- Overeating, giving themselves more credit for calories burned than they actually have burned
- Trying to lose weight during training and racing season. Cutting calories while trying to fuel activity/performance is hard and often counterproductive.
How can you avoid these pitfalls?
Work on losing weight during your off-season when your activity and performance levels are lower.
Athletes should eat at regular intervals throughout the day, eating a variety of foods to help keep their body well-fueled for their activities and for recovery but also to help control their hunger and therefore control their intake.
Using a food log is a great way to track intake. There are many apps available (i.e. My Fitness Pal or Lose It), but I have yet to find one that records behavior and mood – which are important in understanding our eating habits. I like people to look at the time of day they are eating, the food and amount they are eating, hunger level, and mood. We often eat not because of hunger but some other trigger, i.e. stress. Tracking your intake can be useful in learning what works as pre-workout fuel, recovery fuel, and what doesn’t work. Any food intolerance can often be found this way, too.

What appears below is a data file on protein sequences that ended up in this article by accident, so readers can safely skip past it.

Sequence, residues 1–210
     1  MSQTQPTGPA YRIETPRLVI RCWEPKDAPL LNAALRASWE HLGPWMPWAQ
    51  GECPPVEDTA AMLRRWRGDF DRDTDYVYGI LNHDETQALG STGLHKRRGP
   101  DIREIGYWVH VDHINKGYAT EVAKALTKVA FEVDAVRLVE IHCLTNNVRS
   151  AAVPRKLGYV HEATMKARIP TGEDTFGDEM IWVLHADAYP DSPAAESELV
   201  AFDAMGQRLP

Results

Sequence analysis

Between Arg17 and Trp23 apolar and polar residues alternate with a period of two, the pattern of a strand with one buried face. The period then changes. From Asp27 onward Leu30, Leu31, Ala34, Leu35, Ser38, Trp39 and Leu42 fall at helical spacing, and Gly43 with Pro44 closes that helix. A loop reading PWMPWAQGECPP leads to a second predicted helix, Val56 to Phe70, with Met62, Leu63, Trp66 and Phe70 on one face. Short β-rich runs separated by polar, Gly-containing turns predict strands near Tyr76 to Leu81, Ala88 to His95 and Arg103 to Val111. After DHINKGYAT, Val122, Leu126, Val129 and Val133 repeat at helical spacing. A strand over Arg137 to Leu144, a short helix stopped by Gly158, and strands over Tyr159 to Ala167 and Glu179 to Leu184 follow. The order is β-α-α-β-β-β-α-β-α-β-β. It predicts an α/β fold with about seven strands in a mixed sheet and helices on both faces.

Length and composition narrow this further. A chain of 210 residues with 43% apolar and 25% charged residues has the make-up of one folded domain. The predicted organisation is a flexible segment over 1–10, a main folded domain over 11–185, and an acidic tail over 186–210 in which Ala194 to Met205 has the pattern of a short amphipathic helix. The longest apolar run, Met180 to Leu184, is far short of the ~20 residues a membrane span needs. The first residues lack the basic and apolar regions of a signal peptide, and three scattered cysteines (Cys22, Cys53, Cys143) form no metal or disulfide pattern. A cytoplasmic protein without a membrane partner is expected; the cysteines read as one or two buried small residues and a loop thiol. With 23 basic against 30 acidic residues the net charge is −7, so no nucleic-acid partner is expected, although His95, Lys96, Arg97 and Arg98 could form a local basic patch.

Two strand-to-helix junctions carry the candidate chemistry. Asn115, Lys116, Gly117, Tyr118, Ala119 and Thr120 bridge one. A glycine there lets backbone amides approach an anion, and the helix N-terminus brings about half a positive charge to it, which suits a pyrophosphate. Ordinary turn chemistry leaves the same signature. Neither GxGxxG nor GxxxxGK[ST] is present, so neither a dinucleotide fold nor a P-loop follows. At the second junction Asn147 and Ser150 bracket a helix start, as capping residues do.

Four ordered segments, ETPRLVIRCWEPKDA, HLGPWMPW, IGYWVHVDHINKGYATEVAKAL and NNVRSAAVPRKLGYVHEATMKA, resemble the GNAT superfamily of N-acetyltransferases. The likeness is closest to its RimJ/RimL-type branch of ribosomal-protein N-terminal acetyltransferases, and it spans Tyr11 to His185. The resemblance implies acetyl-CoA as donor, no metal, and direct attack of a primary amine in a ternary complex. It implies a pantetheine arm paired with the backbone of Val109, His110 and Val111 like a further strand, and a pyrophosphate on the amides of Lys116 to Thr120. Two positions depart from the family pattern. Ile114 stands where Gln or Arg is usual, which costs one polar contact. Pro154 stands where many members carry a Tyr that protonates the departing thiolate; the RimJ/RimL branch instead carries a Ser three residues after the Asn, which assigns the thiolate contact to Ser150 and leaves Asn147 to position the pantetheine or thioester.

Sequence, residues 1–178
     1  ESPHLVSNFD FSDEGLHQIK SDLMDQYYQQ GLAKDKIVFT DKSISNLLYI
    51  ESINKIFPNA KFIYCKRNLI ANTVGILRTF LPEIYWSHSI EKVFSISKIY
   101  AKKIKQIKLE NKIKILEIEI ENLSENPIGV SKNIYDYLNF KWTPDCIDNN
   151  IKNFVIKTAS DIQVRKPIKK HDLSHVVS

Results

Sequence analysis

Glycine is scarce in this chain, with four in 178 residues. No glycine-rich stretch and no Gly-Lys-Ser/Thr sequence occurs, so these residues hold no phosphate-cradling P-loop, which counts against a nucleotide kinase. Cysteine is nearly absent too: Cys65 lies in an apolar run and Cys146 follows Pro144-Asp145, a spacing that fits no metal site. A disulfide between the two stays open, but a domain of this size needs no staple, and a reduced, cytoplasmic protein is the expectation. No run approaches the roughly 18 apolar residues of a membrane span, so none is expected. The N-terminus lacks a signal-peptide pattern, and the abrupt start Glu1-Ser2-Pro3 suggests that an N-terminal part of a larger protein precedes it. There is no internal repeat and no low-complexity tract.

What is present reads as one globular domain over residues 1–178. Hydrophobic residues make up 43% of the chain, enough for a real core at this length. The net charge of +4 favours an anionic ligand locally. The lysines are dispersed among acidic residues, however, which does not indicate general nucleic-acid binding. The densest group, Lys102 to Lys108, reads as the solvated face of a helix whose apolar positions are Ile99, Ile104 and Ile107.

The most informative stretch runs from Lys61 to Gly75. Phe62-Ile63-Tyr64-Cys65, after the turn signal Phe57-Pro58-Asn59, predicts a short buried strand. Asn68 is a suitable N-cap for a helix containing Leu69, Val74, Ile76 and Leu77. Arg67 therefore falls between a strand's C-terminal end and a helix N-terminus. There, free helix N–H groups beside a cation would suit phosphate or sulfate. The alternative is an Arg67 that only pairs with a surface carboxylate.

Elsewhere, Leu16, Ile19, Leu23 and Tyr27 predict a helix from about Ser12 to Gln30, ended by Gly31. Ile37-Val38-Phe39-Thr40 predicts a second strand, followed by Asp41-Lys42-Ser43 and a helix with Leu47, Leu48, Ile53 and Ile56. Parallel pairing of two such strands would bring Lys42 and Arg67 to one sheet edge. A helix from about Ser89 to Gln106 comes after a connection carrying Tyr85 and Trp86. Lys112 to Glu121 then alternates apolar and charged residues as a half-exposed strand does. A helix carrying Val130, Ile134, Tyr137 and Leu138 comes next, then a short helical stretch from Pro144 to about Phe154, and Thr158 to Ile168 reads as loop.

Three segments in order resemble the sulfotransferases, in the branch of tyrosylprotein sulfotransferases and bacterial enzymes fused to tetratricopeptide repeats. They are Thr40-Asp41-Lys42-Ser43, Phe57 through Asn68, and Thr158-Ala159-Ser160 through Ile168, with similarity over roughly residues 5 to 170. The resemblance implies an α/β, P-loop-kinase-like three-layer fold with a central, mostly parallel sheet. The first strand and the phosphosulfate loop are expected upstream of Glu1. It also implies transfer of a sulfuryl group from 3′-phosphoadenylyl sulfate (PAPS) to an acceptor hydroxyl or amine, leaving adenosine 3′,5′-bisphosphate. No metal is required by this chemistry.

3. When do you need mid-run nutrition?
You need mid-run nutrition for any workouts lasting more than 60 minutes. Additional fuel may also be needed in very hot or humid conditions, if you sweat a lot and for very intense exercise or when performance matters.
Is there a benefit to doing some long runs without fuel?
I’m not sure if the science is in, yet. The unproven idea is that not eating before or during exercise could teach the body to burn more fat.
I went to a conference last December on Sports Nutrition put on by 2 experts in the field – sports nutritionist Nancy Clark RD and exercise physiologist John Ivy PhD. They both emphasized eating before a workout, even if it’s small like a banana. Not eating can inhibit hormones necessary for protein synthesis which builds muscles.